Only catholic in the family


I’m not exactly the only Catholic in my family, but it sure feels like it sometimes. My mother and sister attend mass with me, but that’s where their faith stops. They hate being inconvenienced by holy days of obligation or doing Friday penance.

I know it’s wrong to hate people, but I get so upset when my mother makes fun of me for believing what the Church teaches.

We fight about birth control all the time. I have some PMS problems (the usual–a little cramping, some irritability. Nothing that ibuprofen won’t cure.) and she says I should go on the Pill. I tell her no, I will not support a birth control company when there is nothing really wrong with me and that I do not believe in BC. I know what is right, but she laughs at me and says I’m crazy.

We have fights about these sorts of things all the TIME! :mad:

I doubt that this is real persecution, but I do know that we Catholics will be persecuted for our faith sometimes. I know that Jesus warned us about this, and that it shouldn’t make me angry, but it still does.

And don’t even get me started about going to public high school. I feel so alone sometimes. I just want to be around people who believe with me. Sometimes it seems like there are so few faithful people in society nowadays.

I’m glad I have these forums. It makes me feel not so alone. I wonder if there’s a part of the US that is really Catholic. I’ve heard there’s a high population of Catholics in Michigan…hmm…

**Surely some of you guys have experienced being “the only Catholic in the room” at some point, right? What do you do?


I am converting and trust me, I am literally the only Catholic in the family!

I avoid all discussion of religion at all. They refuse to believe Catholics are even Christians so I will not let them berate me. Just this evening I mentioned something about the morning after pill and my thoughts on it and my mom didn’t get it. She sees no problem with it. Or birth control. Or getting sterilized. I won’t even try to discuss it or share my beliefs because I will just get made to feel like I am stupid and wrong.

I know whats right and whats right for me. I follow God the best way I know how, as do they, we just see things differently. I love my family, but this has created a large gap and I don’t know how to fix it.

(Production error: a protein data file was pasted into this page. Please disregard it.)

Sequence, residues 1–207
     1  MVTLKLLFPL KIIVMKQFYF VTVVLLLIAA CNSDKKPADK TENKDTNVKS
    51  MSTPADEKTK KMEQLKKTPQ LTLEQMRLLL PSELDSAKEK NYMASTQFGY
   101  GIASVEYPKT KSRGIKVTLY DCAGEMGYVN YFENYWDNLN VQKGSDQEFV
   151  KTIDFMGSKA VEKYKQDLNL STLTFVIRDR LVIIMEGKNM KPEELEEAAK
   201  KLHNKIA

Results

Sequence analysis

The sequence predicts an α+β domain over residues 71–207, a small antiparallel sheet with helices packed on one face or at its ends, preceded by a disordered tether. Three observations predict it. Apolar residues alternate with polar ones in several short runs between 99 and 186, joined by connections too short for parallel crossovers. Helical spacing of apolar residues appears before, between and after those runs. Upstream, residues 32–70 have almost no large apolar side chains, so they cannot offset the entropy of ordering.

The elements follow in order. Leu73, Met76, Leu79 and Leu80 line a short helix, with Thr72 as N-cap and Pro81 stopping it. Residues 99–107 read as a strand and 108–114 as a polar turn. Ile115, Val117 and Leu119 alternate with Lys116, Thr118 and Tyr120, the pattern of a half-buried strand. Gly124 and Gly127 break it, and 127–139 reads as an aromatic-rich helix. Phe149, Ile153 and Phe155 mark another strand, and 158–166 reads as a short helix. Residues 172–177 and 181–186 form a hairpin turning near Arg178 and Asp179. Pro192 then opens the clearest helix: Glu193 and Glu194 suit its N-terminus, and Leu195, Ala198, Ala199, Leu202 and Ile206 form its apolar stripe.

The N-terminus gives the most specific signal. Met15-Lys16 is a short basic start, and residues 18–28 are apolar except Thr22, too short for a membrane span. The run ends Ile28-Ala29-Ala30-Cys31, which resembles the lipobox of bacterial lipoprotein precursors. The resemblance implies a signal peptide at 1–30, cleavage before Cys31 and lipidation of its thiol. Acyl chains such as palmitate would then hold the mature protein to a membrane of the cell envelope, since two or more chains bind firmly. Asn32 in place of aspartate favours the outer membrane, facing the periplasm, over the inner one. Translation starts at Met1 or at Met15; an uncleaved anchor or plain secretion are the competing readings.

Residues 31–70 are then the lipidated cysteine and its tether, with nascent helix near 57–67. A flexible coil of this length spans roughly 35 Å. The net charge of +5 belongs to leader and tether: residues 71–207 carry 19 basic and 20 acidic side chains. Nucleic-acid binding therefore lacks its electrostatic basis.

All I can do is live my faith and embrace it. God is more important than having my family understand or even accept me.

As for public high school, it is very hard. Once high school is over it does get easier to find like minded people. Unfortunately, those who truly want to live their faith are still hard to find even at college. But there are groups and clubs to join. Either way, you can always try to get more involved in your parish. Its wonderful that you want to obey God and He will bless you for it.


I’m a convert and the only practicing Catholic in my family. I used to always go to mass alone, and later I sat with friends who I met at my parish. Now I sing in the choir, so I never sit alone at my home parish. When I visit family, I’m alone again at mass! I suggest joining some activities at church where OP will make a new “spiritual” family after some time passes.

If there is a high school ministry at the parish that has its own meetings or activities beyond the required religious ed/confirmation classes, then I suggest checking it out. My parish has an awesome Lifeteen ministry that has literally hundreds of very active teens, but even a small parish has got to have a few faithful Catholic teens around. It may take more of an effort to hook up with them.

You can at least find more active Catholic teens online at

Just showing up for mass once per week is not the way to get plugged into what is happening in the parish. It can be harder if someone can’t drive yet or lives really far from the church. However, I knew a great teen girl who used to walk about five to six miles from her house to church in order to do an hour of adoration every week when she could not get a ride. (Her family did not give her rides or ever come to church with her.) I know another family where the kids ended up having the strong faith that was a witness to their own father. He became Catholic and very active because of his children after a number of years.